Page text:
Denmark-based independent shipowners’ association BIMCO has recently published its new Mediation/Alternative Dispute Resolution Clause 2021, replacing BIMCO Mediation Clause 2020.
North of England Club noted that Andrea Skeoch, Deputy Director in North’s FD&D team, was part of the drafting committee.
Whilst the BIMCO Mediation Clause 2020 focussed on mediation in the traditional sense, North noted that there were many other forms of ADR that had become increasingly popular as practical means of dispute resolution.
The new BIMCO Mediation/Alternative Dispute Resolution Clause 2021 was therefore wider in scope and embraced not only traditional mediation but also other forms of ADR including Early Intervention and Early Neutral Evaluation. The 2021 clause was designed to enable the parties to enter into an ADR process of a type appropriate for their needs/the dispute.
Unlike the 2020 clause, commencement of proceedings under the 2021 clause was no longer a pre-condition to the right to call for ADR.
Paragraph (a) enables a party to call on the other to agree to ADR at any time, whether before or after the commencement of proceedings. North said that it was hoped that this would encourage parties to consider ADR at an early stage “before costs begin to increase”.
Once a party does call for ADR, paragraph (b) requires the other party to confirm within 14 days whether or not it agrees to ADR and, if it does not agree, to give reasons for its refusal so to do.
Paragraph (g) provides that any refusal to agree to ADR may be considered by the competent Tribunal/court when determining costs.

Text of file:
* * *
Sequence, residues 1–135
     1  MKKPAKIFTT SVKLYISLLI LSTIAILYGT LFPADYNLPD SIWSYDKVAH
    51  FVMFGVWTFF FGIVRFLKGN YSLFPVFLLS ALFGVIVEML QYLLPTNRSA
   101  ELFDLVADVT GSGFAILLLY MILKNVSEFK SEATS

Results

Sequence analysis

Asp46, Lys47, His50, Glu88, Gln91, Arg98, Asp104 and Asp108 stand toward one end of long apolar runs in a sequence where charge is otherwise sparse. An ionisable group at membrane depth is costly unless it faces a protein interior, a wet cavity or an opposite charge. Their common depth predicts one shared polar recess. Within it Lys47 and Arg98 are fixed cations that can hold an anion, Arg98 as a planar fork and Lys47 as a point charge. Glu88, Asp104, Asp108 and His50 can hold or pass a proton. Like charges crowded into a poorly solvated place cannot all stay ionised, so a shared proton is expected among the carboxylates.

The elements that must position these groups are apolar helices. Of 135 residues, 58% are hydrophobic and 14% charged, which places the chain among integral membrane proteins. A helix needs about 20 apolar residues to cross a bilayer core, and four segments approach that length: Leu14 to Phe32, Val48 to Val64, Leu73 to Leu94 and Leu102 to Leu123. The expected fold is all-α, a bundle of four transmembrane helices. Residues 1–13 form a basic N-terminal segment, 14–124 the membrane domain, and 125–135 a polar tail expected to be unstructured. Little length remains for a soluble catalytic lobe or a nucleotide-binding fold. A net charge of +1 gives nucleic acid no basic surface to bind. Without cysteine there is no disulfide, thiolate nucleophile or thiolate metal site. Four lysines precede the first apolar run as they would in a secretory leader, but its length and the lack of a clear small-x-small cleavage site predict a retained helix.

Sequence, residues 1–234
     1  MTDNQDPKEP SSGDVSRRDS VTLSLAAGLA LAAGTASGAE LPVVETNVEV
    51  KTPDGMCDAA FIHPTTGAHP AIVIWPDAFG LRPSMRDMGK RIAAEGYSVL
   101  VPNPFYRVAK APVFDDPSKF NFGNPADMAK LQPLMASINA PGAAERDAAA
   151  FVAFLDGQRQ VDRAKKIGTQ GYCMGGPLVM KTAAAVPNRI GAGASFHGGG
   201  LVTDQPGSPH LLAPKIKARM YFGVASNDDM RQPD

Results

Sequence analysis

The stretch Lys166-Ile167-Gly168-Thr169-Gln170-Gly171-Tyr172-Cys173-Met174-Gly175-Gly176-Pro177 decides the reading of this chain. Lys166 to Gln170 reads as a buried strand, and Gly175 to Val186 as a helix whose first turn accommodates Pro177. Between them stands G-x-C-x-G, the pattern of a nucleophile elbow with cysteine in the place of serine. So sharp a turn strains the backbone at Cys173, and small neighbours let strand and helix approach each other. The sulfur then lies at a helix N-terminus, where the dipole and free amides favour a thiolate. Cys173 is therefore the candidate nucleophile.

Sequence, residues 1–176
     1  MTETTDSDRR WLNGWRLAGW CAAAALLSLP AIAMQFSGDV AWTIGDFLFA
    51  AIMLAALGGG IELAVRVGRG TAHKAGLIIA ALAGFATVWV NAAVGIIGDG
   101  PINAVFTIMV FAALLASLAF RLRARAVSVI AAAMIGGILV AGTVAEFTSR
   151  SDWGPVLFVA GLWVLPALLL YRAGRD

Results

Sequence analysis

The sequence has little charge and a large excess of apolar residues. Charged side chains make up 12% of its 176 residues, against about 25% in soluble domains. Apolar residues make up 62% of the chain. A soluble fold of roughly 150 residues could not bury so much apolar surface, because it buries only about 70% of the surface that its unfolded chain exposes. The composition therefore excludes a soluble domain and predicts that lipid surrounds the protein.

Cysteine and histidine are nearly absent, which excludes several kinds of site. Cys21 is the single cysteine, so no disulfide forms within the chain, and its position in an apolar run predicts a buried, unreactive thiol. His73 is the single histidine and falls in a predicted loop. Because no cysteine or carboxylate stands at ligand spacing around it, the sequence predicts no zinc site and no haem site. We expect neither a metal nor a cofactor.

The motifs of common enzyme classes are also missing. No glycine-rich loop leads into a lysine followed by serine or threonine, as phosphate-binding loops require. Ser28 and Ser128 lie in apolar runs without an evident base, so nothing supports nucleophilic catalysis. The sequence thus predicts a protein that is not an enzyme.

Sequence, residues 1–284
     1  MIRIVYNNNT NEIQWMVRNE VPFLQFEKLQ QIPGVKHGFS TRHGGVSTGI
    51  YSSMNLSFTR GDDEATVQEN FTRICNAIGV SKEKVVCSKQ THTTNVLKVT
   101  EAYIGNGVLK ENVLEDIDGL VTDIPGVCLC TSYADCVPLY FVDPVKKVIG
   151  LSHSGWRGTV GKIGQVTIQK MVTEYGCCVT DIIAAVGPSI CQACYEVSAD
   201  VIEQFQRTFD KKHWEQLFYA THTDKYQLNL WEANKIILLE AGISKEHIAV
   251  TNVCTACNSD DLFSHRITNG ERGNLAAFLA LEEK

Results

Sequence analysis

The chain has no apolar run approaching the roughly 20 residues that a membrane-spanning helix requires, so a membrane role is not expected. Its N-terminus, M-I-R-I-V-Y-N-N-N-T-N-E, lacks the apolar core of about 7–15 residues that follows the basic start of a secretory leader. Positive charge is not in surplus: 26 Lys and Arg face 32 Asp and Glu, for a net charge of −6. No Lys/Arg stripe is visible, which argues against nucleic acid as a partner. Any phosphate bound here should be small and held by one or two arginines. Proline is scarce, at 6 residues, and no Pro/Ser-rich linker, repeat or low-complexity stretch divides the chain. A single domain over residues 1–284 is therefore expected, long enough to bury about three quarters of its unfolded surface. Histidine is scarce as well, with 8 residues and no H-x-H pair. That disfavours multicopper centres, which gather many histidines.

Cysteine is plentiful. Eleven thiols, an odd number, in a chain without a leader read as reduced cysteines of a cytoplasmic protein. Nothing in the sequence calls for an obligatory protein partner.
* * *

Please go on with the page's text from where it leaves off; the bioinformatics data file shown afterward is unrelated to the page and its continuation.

North said that it was hoped that the need to give reasons for refusal when coupled with the possibility of costs sanctions would encourage the parties to embrace ADR positively, with a view to achieving settlement.
Should the parties agree to ADR, paragraph (c) obliges the parties to participate in their chosen ADR procedure in good faith and without undue delay. North said that the intention was that this would reduce the risk of parties nominally agreeing to ADR but then making no genuine effort to engage in the process, something which the other party might seek to bring to the attention of the Tribunal or court when it came to the assessment of costs.
As with the 2020 clause, paragraphs (d) and (e) of the BIMCO Mediation/Alternative Dispute Resolution Clause 2021 provide that participation in the ADR process does not prevent the parties from taking steps to protect its interests and that documents disclosed in the ADR process shall not be disclosed in proceedings except to the extent disclosable by law and/or the procedure governing the relevant proceedings.
The Clause provides that, save where otherwise agreed, each party must bear its own costs of the ADR procedure and with third party costs to be shared equally.
North said that it was essential to remember that agreement to participate in ADR pursuant to the clause did not interrupt any applicable timebars. If a timebar approaches, a party should take steps to protect time by commencement of proceedings or agreement of an extension to the timebar, North said, noting also that the clause was not a substitute for a law and jurisdiction provision and should always be incorporated into the Charter.